Monday, 28 September 2009

Lammas Project wins planning permission

A major step forward for the sustainability movement was achieved at the end of last month when the Lammas Project won planning permission for their project.


August 2009

First Eco-Village in UK gets planning permission

Lammas, the group behind the innovative eco-village, first applied for planning permission in June 2007. After being refused twice by Pembrokeshire County Council the group appealed to the Welsh Assembly Planning Inspectorate and following a well attended public hearing have finally won permission.

The project consists of nine eco-smallholdings, a community hub building and a seasonal campsite on land near the village of Glandwr in North Pembrokeshire. Lammas founding member Paul Wimbush explains: “We want to build an ecovillage in which people can live lightly on the earth in modern eco-houses. The project is unusual in that on the one hand it takes a green approach to all aspects of living and on the other hand is structured very much like a conventional village.”

“The project has been designed so that the nine smallholdings, while being essentially autonomous, will also fit into an overall permaculture design plan for the whole site. Permaculture is a land-management approach that meets people’s needs through replicating natural ecosystems. It is diverse and human-scale by its very nature as opposed to agriculture which tends towards big machines and monocultures. This way we can turn what is considered as poor land into something incredibly productive.”

The project has met a mixed reaction from local people despite promising a range of benefits including new footpaths, a seasonal shop, fresh local produce and a minibus service.

Cassandra Lishman, a local businesswoman and a prospective resident of the eco-village said today: “At last we can begin building our homes. We are delighted that the Welsh Assembly Government is bold enough to put their policies into practice.”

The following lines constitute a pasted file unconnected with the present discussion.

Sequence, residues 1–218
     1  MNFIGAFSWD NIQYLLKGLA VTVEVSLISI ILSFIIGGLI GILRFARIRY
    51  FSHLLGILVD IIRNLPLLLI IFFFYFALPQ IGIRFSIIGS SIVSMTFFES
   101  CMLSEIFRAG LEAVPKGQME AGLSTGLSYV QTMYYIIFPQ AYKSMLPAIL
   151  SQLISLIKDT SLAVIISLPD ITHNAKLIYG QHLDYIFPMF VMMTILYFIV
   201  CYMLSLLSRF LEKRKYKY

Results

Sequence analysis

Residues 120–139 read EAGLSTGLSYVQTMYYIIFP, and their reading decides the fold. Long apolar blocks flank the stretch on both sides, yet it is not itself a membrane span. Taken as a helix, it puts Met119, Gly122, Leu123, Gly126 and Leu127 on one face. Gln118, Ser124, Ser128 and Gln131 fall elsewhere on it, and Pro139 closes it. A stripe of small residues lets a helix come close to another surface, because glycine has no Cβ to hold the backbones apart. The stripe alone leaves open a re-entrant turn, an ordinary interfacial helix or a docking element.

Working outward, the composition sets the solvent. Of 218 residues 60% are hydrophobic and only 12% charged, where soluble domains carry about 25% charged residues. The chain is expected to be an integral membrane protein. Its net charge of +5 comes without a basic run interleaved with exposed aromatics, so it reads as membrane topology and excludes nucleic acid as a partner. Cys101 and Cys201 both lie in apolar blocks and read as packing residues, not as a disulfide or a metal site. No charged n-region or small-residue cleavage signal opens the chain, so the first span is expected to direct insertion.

Because of the strict regulations imposed by the planners, the buildings erected on the site must have a very low visual impact and blend into the landscape and cannot be made out of conventional materials such as concrete blocks and cement. Instead, largely natural materials from the locality must be used, including earth, turf, timber and straw, and the buildings have been designed using a combination of the latest in green technologies combined with traditional building skills. The houses will incorporate many sustainable technologies such as passive solar heating, rainwater harvesting and electricity generation from renewable sources such as wind, water and solar, and the whole site will not be allowed to use any mains services.

Cassandra Lishman and the other prospective residents know that life in the eco-village is going to be hard work. The planners require that 75 per cent of all household needs must be met directly by land-based means. Each smallholding has had to be meticulously planned to meet this requirement with a broad spectrum of enterprises ranging from strawberry production to basketry, from smoked hams to furniture making, from woollen crafts to medicinal tinctures.

However tonight the Lammas residents will be celebrating what could well be considered as a significant planning precedent and a sign of changing times.

Further details about Lammas and the eco-village can be found at including pictures and links to some short films on the project.

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